An award-winning Iranian student is allegedly under pressure to make a forced televised confession in order to commute his death sentence, his sister says.
In a tweet on Saturday, Ali Younesi's sister, Aida, said that the Ministry of Intelligence agents in charge of investigating her brother's case gave her brother the option to make a televised confession on August 2.
Aida said that agents told her brother, "We will decide the judge's verdict. If we want, the verdict would be a death penalty ... but you would be spared provided you accept to have a televised confession." While Ali's trial has yet to be held, Aida said that Intelligence Ministry agents told her brother that they were responsible for deciding his fate, not the courts.
Ali Younesi, the silver medalist of the National Astronomy Olympiad in 2016 and the gold medalist of the World Astronomy Olympiad in 2017, was severely beaten before being arrested without a warrant on April 10, 2020.
Ten plainclothes agents raided Ali's residence without a warrant and brutalized him before taking him away to an unknown location, the Iran Human Rights Monitor reported. The reasons behind Ali's arrest, the charges against him and the location of detention are still unknown.
In a video clip recently published on social media, Aida demanded an explanation from intelligence services for the arrest of her brother, challenging officials to either provide more information on Ali's case or otherwise issue an apology for slandering him.
"Where is it written in the laws that a twenty-year-old boy should be brutalized while his parents are shocked by seeing his bloodied face?" Younesi said.
On the day Ali was arrested, the Intelligence Ministry's agents detained another award-winning student rights activist, Amir Hossein Moradi.
Also in his twenties, Moradi is a physics student and the silver medalist of the National Astronomy Olympiad in 2017.
Days after their arrest, Gholam-Hossein Esmaeili, the spokesman for the Iranian judiciary, accused the two students of having links to "counter-revolutionary" groups, particularly the Mujahedin Khalq Organization (MKO).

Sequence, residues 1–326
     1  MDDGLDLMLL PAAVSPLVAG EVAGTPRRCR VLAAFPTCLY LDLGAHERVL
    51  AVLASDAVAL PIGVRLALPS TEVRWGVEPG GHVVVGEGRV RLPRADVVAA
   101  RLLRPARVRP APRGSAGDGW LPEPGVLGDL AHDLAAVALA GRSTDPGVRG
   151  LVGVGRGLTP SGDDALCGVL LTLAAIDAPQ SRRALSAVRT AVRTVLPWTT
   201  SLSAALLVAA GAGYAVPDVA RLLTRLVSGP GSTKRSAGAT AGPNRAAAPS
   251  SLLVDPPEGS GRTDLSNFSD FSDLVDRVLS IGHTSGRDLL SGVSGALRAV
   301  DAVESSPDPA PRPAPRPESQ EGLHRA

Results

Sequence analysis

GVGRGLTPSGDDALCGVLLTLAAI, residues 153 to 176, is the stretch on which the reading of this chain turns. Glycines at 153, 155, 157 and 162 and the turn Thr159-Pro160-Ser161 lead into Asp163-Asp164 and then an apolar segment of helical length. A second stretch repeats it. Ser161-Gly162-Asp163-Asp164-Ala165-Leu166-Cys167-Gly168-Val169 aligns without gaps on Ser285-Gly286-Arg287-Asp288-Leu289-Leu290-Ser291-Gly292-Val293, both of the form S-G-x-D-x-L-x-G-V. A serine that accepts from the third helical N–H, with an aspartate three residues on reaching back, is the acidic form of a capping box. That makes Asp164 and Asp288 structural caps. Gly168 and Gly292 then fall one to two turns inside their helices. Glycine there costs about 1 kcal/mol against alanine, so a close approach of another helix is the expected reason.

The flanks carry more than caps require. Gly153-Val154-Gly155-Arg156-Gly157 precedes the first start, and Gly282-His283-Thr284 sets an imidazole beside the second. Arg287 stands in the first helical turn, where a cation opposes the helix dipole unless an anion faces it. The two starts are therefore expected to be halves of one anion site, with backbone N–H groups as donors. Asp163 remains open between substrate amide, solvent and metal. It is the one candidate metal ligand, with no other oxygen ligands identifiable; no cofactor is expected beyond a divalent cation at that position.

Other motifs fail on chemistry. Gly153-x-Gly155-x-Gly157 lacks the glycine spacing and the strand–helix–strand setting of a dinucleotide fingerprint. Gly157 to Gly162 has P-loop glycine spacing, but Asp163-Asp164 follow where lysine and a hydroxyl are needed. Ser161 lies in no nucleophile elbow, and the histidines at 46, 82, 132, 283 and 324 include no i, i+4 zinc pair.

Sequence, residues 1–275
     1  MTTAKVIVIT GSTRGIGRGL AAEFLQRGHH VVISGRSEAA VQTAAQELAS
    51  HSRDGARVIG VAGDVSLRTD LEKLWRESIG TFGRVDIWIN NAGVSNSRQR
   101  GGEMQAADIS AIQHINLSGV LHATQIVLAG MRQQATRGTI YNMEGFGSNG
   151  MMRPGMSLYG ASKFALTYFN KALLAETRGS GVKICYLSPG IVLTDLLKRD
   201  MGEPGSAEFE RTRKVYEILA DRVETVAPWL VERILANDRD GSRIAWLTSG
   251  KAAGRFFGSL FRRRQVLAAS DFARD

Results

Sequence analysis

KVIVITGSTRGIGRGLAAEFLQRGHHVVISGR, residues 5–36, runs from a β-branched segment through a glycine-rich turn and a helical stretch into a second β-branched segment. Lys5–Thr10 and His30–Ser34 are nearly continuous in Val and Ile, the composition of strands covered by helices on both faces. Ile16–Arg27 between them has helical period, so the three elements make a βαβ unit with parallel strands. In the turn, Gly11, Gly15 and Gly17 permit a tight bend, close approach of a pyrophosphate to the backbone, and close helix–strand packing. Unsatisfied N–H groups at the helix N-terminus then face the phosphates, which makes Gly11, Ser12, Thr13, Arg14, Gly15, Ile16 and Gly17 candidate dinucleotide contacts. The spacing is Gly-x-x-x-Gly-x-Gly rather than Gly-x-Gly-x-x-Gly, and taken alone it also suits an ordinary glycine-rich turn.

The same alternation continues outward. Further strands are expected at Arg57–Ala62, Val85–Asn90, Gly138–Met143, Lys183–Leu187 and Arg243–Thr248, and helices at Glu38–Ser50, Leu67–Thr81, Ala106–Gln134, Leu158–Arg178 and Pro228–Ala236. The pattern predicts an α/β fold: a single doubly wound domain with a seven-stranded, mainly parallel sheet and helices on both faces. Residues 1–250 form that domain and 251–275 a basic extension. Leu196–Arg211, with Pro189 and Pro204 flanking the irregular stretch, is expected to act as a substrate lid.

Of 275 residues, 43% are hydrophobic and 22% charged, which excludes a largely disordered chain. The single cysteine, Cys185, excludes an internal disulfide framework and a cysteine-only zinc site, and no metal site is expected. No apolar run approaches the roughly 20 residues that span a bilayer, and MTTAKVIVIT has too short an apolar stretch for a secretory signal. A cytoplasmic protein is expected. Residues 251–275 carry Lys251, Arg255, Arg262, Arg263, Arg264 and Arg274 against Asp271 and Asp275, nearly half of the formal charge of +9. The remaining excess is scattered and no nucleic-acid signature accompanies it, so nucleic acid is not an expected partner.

Working with MKO, Esmaeili said that the two young men were involved in subversive operations and were ready to engage in actions to sabotage Iran.
Intelligence agents also allegedly held a meeting attended by directors of the Sharif University of Technology, the Students Basij and the Islamic Association directors on July 13 at the Tehran Public Prosecutor's Office.
Based on several accounts published by those present at the meeting, judicial and security officials attempted to force the two students to accept some of the charges. The attempt failed after the audience supported their award-winning classmates.
In a report on the gathering, the Sharif University Islamic Association divulged that the detained students were deprived of the right to meet their families and did not have access to a lawyer of their choice.
After five months of incarceration, the authorities have not held any court hearings for the two detained students.
The Younesi family has dismissed the allegations as "ridiculous" and "fictional," citing the judiciary's history of "mental and physical torture of the detainees" to force "so-called confessions," as well as applying "pressure on families."